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Alvin O. Lombard House
Eastside of Alvin O. Lombard House.jpg
Alvin O. Lombard House is located in Maine
Alvin O. Lombard House
Location in Maine
Alvin O. Lombard House is located in the United States
Alvin O. Lombard House
Location in the United States
Location 65 Elm St.
Waterville, Maine
Area 0.3 acres (0.12 ha)
Built 1908 (1908)
Architectural style Shingle Style
NRHP reference No. 82000753
Added to NRHP February 19, 1982

The Alvin O. Lombard House is a historic house at 65 Elm Street in Waterville, Maine. Built in 1908, it is a distinctive local example of late Shingle style architecture. It is further notable as the home of inventor Alvin O. Lombard, who developed the Lombard Steam Log Hauler, an early commercial use of track-propelled vehicles. The house was listed on the National Register of Historic Places in 1982.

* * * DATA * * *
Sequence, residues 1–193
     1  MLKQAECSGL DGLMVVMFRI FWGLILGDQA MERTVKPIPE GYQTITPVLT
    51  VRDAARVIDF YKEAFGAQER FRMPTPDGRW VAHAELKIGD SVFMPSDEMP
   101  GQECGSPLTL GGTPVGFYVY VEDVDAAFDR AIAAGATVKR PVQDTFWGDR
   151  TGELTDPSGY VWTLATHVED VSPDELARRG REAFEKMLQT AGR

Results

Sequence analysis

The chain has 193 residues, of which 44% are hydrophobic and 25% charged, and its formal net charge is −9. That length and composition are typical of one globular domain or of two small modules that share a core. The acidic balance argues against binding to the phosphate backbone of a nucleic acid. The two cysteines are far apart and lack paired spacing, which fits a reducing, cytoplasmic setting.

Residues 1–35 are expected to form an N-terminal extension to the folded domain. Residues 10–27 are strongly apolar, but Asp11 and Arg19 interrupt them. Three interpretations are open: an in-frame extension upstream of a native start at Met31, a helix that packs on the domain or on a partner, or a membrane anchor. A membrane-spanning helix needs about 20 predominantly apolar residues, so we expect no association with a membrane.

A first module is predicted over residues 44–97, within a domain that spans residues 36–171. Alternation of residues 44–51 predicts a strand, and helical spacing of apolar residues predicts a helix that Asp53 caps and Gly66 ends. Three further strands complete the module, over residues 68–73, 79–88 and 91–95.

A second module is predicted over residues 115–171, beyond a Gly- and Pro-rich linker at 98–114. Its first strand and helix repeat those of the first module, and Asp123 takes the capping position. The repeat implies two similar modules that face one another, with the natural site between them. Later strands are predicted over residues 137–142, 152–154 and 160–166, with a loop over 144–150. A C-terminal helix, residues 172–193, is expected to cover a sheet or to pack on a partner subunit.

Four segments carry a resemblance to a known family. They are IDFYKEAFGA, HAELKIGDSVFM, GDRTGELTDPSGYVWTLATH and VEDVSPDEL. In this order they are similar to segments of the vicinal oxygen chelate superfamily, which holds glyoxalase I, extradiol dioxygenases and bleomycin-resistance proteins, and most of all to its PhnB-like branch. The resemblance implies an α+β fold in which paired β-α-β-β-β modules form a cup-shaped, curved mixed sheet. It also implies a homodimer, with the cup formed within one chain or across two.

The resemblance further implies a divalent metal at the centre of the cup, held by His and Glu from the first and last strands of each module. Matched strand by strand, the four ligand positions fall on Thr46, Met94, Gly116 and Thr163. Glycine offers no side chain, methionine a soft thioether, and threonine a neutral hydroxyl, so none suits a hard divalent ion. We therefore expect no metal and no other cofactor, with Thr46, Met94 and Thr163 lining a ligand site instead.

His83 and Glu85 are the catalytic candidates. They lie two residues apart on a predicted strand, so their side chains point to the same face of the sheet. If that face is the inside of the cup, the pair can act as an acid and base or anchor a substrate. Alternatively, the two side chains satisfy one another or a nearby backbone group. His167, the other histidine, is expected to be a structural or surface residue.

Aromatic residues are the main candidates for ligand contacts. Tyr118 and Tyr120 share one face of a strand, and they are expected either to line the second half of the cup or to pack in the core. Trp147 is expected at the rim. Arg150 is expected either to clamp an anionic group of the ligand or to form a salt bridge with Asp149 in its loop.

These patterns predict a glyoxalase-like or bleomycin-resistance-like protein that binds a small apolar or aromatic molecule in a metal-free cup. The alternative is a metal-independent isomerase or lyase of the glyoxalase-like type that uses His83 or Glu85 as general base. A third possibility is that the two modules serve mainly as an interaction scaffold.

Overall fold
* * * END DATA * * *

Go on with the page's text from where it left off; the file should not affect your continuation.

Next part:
Description and history

The Alvin O. Lombard House is in downtown Waterville, on the east side of Elm Street just south of the public library, in an increasingly commercial area. It is a rambling 2-1/2 story wood frame structure, with a gambrel roof, shingled exterior, and stone foundation. Its front facade, facing west, is dominated by a projecting gabled section, which features a recessed porch flanked by polygonal windows bays, and a three-window recess in the upper part of the gable. A single-story porch extends across the front, and sweeps around to the side without a covering roof. A two-story carriage house of similar styling is attached to the northeastern corner; it has a square cupola at the top of its gambrel roof. The interior retains significant original decorative elements, despite its 1940s alteration into a multiunit residence.

The house was built in 1908; its architect is not known. It was built for Alvin O. Lombard, a Waterville native, who lived there for the last third of his life. Lombard is credited with developing an early version of caterpillar tracks, a vehicular propulsion mechanism that eventually saw broad application in a variety of application, most notably in military vehicles and earthmoving equipment. The Lombard Steam Log Hauler was Lombard's effort to capitalize on this invention. He also patented a turbine water wheel control mechanism.

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